Map of life expectancy at birth from Global Education Project.

Monday, December 07, 2015

More on the peer review process

So applicants for NIH funding send in proposals in response to one of the announcements I described previously. These are very complicated documents that take dozens of person-hours to create. I don't know exactly what they are estimated to cost, but I'm sure people have figured that out and it must be many thousands of dollars. Right now, however, due to gradual budgetary strangulation by the congress, NIH is funding something like 10% of all applications.

At NIH, an official called a Scientific Review Officer (SRO) assembles a panel of reviewers. Some are standing panels that meet regularly and rotate members only every two years or so. These review the R01s, R03s, R21s and other investigator initiated proposals, but they have specialties. Investigators can request assignment to a particular review panel, or NIH can decide where to send it. One-time announcements often have what are called "special emphasis panels" that only meet once, to review those specific applications. That was the kind of panel I was on.

The SRO then assigns each proposal to 3 reviewers. Each reviewer, in turn, has about 8 proposals to review. The reviewers get access to their assigned proposals through an Internet site before the meeting. They have to read them all, including the budgets, protection of human subjects, personnel, and other material in addition to the research plan. It's quite a chore. Each reviewer then writes a critique, scores the proposal for Significance, Innovation, Investigators, and Environment (the latter is usually fine, it's a reputable research institution), and then gives an overall "impact" score. Scores range from 1 to 9 and it's like golf, lower numbers are better.

NIH than computes the average score of the 3 reviewers and tosses out, without further ado, all proposals in the lower half. (The applicants will get to see the reviewers' comments, but they are now dead.) At the meeting, everybody sits around a big table with their computers plugged in and off we go. The first reviewer of each  proposal makes a verbal presentation and critique, followed by the other two reviewers, then the whole gang is free to ask questions and make comments. Often the scores of the three reviewers are quite different. They may converge after discussion, but occasionally people dig in their heels, and they don't.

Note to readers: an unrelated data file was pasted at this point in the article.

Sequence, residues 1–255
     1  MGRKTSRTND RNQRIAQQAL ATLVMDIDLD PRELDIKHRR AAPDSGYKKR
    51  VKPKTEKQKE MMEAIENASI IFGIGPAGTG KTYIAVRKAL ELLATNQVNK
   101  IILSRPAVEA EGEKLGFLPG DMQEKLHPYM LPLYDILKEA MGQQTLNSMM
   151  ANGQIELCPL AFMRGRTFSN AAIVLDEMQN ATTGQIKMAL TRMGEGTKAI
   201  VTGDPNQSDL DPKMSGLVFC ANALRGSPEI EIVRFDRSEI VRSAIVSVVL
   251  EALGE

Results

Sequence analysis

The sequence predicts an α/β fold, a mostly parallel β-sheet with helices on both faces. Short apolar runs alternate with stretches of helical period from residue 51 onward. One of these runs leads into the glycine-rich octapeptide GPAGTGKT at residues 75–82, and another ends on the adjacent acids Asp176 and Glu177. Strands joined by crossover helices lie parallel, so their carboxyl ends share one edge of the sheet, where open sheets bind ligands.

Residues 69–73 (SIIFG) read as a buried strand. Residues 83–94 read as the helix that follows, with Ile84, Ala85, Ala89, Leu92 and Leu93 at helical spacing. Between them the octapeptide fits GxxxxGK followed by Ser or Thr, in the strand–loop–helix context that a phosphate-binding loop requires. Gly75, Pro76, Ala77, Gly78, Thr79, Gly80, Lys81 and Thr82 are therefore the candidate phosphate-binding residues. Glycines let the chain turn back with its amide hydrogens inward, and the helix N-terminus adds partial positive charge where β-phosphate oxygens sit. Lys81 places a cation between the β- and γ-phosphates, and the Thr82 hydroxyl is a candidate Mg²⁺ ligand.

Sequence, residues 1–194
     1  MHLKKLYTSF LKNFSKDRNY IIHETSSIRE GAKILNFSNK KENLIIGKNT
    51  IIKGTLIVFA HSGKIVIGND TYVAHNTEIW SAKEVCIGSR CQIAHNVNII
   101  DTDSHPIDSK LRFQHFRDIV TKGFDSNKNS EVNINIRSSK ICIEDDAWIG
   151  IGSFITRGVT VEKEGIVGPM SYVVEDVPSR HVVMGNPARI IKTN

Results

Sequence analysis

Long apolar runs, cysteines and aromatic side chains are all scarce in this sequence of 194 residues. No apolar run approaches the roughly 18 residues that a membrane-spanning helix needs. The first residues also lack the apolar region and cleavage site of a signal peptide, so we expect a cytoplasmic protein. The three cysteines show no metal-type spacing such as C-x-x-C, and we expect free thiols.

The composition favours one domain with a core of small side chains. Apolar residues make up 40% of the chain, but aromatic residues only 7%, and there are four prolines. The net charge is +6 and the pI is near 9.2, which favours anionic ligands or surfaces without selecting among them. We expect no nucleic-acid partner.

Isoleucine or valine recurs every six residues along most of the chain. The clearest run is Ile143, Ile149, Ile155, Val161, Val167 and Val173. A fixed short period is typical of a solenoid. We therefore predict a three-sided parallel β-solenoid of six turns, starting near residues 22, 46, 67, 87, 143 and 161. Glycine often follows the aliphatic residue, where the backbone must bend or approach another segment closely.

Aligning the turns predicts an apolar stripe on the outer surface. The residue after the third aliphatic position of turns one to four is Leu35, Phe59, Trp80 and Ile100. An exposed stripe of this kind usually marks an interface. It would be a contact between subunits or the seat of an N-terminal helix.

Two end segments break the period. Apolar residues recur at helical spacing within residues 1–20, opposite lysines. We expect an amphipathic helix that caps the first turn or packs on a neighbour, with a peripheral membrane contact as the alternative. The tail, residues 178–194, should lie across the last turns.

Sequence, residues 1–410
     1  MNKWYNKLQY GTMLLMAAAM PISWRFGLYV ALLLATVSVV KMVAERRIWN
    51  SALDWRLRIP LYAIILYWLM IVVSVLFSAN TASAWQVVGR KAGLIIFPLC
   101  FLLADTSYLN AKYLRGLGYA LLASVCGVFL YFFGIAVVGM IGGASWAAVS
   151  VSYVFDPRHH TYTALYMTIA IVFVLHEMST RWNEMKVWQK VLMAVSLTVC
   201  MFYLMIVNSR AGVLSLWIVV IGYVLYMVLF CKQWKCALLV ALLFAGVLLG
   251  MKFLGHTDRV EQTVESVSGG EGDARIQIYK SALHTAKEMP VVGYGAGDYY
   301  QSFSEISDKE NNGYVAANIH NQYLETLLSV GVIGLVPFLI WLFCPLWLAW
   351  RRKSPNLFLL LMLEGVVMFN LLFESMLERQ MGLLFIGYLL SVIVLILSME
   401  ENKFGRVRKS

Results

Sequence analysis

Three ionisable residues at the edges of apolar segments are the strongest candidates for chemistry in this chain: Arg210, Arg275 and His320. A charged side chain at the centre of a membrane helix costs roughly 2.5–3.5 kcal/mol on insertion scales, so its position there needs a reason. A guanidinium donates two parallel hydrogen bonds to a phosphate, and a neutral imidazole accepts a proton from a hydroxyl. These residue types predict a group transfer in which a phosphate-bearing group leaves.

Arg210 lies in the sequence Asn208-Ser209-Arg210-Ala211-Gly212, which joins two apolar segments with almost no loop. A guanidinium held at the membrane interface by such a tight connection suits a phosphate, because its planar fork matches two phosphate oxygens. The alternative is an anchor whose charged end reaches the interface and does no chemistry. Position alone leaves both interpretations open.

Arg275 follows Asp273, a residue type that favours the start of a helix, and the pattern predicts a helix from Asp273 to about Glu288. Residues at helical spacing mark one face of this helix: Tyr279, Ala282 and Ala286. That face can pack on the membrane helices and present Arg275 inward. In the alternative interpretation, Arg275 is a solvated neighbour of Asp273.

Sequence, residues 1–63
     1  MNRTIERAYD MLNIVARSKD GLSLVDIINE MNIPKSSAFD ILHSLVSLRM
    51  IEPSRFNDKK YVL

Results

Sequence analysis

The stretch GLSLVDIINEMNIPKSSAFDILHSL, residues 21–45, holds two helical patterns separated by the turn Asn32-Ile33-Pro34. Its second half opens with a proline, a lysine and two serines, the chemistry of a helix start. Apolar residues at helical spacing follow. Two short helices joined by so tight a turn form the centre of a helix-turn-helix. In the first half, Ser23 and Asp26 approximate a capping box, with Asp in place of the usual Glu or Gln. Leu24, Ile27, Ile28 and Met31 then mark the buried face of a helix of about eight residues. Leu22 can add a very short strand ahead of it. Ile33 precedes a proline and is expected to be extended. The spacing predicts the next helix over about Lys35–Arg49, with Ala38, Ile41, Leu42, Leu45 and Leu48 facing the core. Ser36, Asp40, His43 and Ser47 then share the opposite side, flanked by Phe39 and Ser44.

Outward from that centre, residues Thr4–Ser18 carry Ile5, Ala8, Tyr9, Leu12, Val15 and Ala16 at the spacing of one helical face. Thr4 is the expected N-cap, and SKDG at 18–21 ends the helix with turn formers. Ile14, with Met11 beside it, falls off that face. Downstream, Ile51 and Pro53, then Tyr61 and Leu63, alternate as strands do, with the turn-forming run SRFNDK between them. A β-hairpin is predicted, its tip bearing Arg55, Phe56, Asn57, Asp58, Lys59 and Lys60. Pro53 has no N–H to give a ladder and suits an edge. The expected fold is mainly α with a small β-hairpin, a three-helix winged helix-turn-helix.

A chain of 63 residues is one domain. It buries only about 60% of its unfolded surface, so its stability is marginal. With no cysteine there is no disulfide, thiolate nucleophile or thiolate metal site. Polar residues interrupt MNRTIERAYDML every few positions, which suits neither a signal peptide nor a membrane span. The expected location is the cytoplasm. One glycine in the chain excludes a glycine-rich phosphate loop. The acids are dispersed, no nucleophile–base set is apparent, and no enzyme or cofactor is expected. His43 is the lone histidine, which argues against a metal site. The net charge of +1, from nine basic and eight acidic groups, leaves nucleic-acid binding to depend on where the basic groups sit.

Then the entire panel gets to score the proposal. Since only the three assigned reviewers have been able to read it carefully (the rest just skim it while it's being discussed), most go along with the average of the assigned reviewers, or they maybe lean toward the high or low depending on whose arguments they find convincing. And that's pretty mu6ch it.

You need to be in the top 10% or maybe a little lower to have a chance at funding. NIH staff can put their thumbs on the scale where there is a close call, and the National Council ultimately has to approve all awards, but the peer review process goes 95% of the way toward the final result.

There are a lot of reasons why decisions aren't close to perfect. Reviewers often don't have quite the right expertise, they may have their own axes to grind about scientific controversies, and they may even try to spike the competition although I'm sure most are doing their best to be honest and fair. If the competition wasn't so horrifically intense, a little bit of slop would be more tolerable, but right now it's just torturous. People complain about the peer review process all the time but nobody seems to have a better idea.

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